In honor of Veterans Day, IVY conceptualized and hosted a series of impact events to bring together representatives from nonprofit organizations, foundations, and corporations, as well as government officials, to learn more about veterans affairs and how to contribute to this field.

The events were hosted in six major U.S. cities — Chicago, Boston, Miami, New York, Washington DC, and Los Angeles — and brought together top veterans’ organizations, thought leaders, and IVY Members to share trends, best practices, lessons learned, and collaborative opportunities in the veterans space. The purpose of these events was to discuss and educate about the innovative ways returning armed service members are integrating back into civilian life, and how the attendees, as a community, can support veterans. Here’s what we learned.

The panelists (from left to right): Omar Qudrat, Regan Turner, Blas Villalobos, and Janessa Mangone (IVY’s West Coast Community Director).

Key Takeaways

Each of the panel discussions resulted in engaging, thought-provoking, and informative discussions regarding the veterans space in the U.S.

Accelerating Veteran-Run Businesses

There are a disproportionate amount of veterans who are entrepreneurs compared to the civilian population. Organizations like Bunker Labs are helping their businesses thrive. Other organizations like EnlistedPartners are helping these businesses with funding.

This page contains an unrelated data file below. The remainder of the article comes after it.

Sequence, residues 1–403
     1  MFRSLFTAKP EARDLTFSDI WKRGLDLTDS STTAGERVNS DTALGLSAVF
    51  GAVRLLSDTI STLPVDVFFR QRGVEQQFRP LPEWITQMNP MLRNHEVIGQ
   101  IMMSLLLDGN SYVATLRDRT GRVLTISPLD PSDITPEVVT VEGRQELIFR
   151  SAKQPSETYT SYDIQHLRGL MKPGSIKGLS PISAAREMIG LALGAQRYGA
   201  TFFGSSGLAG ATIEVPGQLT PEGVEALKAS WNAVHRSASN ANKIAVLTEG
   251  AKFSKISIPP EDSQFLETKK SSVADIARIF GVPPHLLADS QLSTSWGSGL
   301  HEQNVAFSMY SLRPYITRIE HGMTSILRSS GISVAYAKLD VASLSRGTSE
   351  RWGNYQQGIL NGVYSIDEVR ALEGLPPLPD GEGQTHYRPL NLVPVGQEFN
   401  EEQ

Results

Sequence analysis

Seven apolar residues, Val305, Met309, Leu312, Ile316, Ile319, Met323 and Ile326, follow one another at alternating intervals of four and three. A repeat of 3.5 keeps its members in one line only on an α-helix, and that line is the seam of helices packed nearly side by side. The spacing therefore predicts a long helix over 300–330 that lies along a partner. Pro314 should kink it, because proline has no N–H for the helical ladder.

Recruiting and Retaining Veteran Talent in the Workplace

One theme centered on the experience veterans bring to the table upon joining the civilian workforce, including their understated skills. Some key skills discussed included teamwork and collaboration, but speakers clarified that veterans can be great leaders as well as effective followers. Speakers mentioned that some HR departments don’t understand how veterans’ skills are translatable into being valuable in the workforce, and transitioning veterans themselves sometimes cannot accurately communicate how the broad spectrum of their diverse skill sets are applicable in the workplace. Chad Arroyo from the New York event elaborated, “One misconception is that transitioning veterans don’t have the right skills to enter the civilian workforce … Some of the things that all of us had to focus on during our time in service were a lot of the core competencies around teamwork, leadership, responsibility, discipline, duties, learning quickly, performing under stress and undue pressure at all times.”